Buy Nothing, Have It All?
Consumerism? Next, please. Friends Liesl Clark and Rebecca Rockefeller are shifting that paradigm. In 2013 they founded The Buy Nothing Project—which aims to create “hyper-local gift economies” around the world. The rules are simple: Post anything you’d like to give away, lend, or share; ask for anything you’d like to receive or borrow. As we buy less and give more, fewer items go to landfills, we save money, and all build more connected neighborhoods. Hundreds of groups have sprung up in over 30 countries.
“There are many other ways we can help each other that do not involve the movement of items from one person to another.”
During the pandemic, Rockefeller and Clark write, the community-care ethic underlying the project is more important than ever: “There are many other ways we can help each other that do not involve the movement of items from one person to another,” they write on BNP’s website, but rather “gifts of self” including virtual check-ins, sharing information and empathy. Their book, The Buy Nothing, Get Everything Plan, was published April 2020.
A Seat At the Table
Moved by the racial reckoning in the United States, Kirsten Ivey-Colson and Lynn Turner created The AntiRacist Table. The online platform explores anti-racism as an intentional daily practice and offers education on African American history and the Black experience.
“We feel the urgency of the moment and don’t want it to fade without meaningful change,” the cofounders write. While Ivey-Colson and Turner have full-time jobs as an attorney and a teacher, they’ve devoted their spare time to being a voice for social justice and building a resource for anyone who wants to fight inequity.
Among their offerings are Conversations Around the Table with mindfulness teachers, doctors, and allies, and a curated 30-day anti-racism challenge. Through videos, readings, and meditations with the principles of mindfulness, nonviolent communication, and conflict resolution at the forefront, The AntiRacist Table challenge encourages participants to deepen their awareness of existing oppression and privilege.
Teaching the Teachers
At the Centre for Mindfulness Studies in Toronto, clients have been able to access online training since 2017, but this spring, CMS began offering teacher-training intensives and workshops online too.
Pat Rockman, director of education and clinical services at CMS, says much hinges on the workshop leader’s ability to “embody the practice and convey the content in the online space in a way that models how the work is to be delivered.” This includes staying calm when the technology inevitably goes awry.
“There is no question that people feel bonded in the online space, especially if they are given time to communicate with each other informally, outside the teaching sessions—we learned this over time and had not initially provided this—and if they are assigned or choose learning buddies throughout the training.”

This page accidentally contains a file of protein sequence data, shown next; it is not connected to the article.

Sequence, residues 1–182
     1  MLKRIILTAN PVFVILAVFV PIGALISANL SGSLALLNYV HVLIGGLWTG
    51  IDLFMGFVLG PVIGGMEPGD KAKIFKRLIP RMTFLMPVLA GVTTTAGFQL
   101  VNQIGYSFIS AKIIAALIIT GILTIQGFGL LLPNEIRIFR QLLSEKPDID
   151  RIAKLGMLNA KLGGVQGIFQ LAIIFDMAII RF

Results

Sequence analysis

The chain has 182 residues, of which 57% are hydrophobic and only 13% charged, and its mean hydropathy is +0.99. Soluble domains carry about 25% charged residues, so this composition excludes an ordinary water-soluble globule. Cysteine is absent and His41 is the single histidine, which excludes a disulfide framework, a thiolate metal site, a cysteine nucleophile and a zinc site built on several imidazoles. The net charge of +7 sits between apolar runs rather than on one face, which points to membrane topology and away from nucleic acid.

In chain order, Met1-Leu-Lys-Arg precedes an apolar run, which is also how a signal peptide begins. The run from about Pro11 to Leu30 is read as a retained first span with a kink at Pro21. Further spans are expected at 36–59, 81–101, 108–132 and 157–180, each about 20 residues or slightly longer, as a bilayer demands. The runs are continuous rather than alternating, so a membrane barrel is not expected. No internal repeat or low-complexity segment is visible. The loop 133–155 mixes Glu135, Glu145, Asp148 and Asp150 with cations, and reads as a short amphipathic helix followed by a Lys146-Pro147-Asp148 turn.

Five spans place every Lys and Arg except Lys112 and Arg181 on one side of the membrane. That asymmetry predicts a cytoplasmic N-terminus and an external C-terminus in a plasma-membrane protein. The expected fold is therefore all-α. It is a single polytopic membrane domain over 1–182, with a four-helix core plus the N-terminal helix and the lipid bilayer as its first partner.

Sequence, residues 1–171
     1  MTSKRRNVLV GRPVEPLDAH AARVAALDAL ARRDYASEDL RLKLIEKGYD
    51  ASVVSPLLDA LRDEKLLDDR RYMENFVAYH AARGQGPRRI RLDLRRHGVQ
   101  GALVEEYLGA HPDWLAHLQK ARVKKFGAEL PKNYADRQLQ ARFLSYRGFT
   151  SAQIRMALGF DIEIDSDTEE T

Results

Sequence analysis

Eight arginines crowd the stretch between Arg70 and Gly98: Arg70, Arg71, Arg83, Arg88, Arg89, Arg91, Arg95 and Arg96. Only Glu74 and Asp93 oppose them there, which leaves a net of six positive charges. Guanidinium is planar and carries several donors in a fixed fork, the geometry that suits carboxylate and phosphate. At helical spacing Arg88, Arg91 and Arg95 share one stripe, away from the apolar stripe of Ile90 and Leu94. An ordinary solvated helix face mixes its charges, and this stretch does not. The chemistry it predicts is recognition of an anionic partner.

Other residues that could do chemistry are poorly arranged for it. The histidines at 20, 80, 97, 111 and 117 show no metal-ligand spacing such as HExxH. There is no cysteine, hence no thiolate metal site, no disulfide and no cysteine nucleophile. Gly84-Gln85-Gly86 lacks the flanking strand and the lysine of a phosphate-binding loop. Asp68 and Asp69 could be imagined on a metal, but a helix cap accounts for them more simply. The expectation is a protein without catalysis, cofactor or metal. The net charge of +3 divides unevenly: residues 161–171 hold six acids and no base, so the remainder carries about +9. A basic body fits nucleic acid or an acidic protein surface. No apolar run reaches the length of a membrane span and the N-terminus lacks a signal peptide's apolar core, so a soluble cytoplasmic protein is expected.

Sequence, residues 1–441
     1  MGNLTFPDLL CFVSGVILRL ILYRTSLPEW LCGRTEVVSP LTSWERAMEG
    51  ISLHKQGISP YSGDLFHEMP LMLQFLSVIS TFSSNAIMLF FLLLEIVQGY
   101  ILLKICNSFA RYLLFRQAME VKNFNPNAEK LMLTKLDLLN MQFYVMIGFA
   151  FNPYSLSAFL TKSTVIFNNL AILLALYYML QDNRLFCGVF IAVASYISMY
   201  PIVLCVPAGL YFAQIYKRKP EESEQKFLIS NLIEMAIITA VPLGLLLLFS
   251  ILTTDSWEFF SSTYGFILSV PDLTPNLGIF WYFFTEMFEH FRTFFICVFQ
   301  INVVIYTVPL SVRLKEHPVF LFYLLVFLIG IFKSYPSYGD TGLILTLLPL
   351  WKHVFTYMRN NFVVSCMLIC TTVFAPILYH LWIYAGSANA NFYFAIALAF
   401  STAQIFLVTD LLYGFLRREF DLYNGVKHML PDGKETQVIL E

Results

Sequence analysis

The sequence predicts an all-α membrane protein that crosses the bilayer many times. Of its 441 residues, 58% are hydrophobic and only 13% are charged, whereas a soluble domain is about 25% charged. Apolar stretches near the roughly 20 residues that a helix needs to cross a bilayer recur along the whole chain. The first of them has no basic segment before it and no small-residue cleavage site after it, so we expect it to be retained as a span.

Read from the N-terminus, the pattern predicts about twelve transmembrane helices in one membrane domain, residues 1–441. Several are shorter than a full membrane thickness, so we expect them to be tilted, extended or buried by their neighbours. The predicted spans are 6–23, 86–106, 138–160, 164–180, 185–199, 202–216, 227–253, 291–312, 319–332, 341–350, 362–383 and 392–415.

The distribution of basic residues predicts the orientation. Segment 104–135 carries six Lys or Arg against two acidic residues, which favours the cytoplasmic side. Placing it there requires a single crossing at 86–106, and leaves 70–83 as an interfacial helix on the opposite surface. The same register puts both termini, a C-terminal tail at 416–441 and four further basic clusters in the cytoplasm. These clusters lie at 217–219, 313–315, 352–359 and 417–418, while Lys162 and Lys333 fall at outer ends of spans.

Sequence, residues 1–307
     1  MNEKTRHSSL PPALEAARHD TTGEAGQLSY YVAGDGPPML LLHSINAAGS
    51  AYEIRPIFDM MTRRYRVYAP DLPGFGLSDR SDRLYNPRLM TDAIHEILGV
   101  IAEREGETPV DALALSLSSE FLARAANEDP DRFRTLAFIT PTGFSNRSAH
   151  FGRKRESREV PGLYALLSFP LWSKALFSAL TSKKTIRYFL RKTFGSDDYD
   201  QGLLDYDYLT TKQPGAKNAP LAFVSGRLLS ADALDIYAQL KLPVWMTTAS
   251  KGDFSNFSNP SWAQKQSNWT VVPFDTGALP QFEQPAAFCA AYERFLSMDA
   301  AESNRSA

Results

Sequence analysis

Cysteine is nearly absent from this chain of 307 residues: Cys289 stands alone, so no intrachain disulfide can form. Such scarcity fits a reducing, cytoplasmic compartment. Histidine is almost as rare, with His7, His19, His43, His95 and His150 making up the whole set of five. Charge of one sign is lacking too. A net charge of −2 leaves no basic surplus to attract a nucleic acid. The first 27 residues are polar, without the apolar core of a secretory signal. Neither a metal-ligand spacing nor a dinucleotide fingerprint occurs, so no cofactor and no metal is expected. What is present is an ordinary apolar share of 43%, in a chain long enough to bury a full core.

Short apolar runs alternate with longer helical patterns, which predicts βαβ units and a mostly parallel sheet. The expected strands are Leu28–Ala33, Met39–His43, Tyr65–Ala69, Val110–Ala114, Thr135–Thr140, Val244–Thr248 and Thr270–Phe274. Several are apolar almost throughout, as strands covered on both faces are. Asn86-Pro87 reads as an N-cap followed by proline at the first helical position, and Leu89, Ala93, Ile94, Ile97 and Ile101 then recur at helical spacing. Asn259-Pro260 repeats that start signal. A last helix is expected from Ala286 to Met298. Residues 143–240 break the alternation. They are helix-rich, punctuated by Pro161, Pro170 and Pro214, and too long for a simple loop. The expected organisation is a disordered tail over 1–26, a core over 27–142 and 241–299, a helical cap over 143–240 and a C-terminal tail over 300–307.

Online is not just the venue for the intensives—it’s also part of the content, which includes basic guidelines for online privacy, and “how to deal with dysregulation or emergencies online and various techniques for delivery.”
And though students are learning at a distance, Rockman says, “There is no question that people feel bonded in the online space, especially if they are given time to communicate with each other informally, outside the teaching sessions—we learned this over time and had not initially provided this—and if they are assigned or choose learning buddies throughout the training.”
Rockman was reluctant to move online, but she acknowledges that it was a matter of survival. More than that, she says, “I have actually been quite delighted with what we have been able to achieve.”
Not a Drop to Waste
When lockdown forced bars to close in late March, breweries in South Australia were left with stale ales and lagers. Instead of letting it go to waste, local breweries supplied their expired beer to power the Glenelg Wastewater Treatment Plant. The plant uses organic industrial waste and sewage sludge to produce biogas as a source of renewable energy for their operations. By adding 150,000 liters of beer to that mixture weekly, the plant produced record amounts of biogas in two months— roughly enough to power 1,200 houses.
Acts of Kindness
An unlikely friendship began when four-year-old Camryn Radcliff of Colorado yelled “Black Lives Matter!” recently to a stranger at Home Depot. When that stranger—Sherri Gonzales— stopped to thank Camryn, she learned of their shared love for the Denver Broncos, and Camryn invited her for a sleepover. Since then, the pair have raised more than $2,000 for clean water and women’s education in Kenya, through Sherri’s organization: Sherri’s Girls Empowerment.
At Drexell & Honeybee’s restaurant in Brewton, Alabama, guests can eat their fill with no expectation of a bill to be paid. Instead, they can leave a contribution, even if it’s just a token of thanks (monetary donations go back into the pot to help feed the hungry). For restaurateurs Lisa and Freddie Thomas-McMillan, “Feed the Need” is their mission statement.
A stray dog who kept showing up at a car dealership in Brazil got a sweet deal recently. Dealership staff adopted the dog, named him Tucson Prime, after one of their vehicles, and put him to work greeting customers. Manager Emerson Mariano told a local media outlet: “The company has always been pet friendly, so now, we decided to embrace this idea in practice too,” noting a local increase in abandoned animals.
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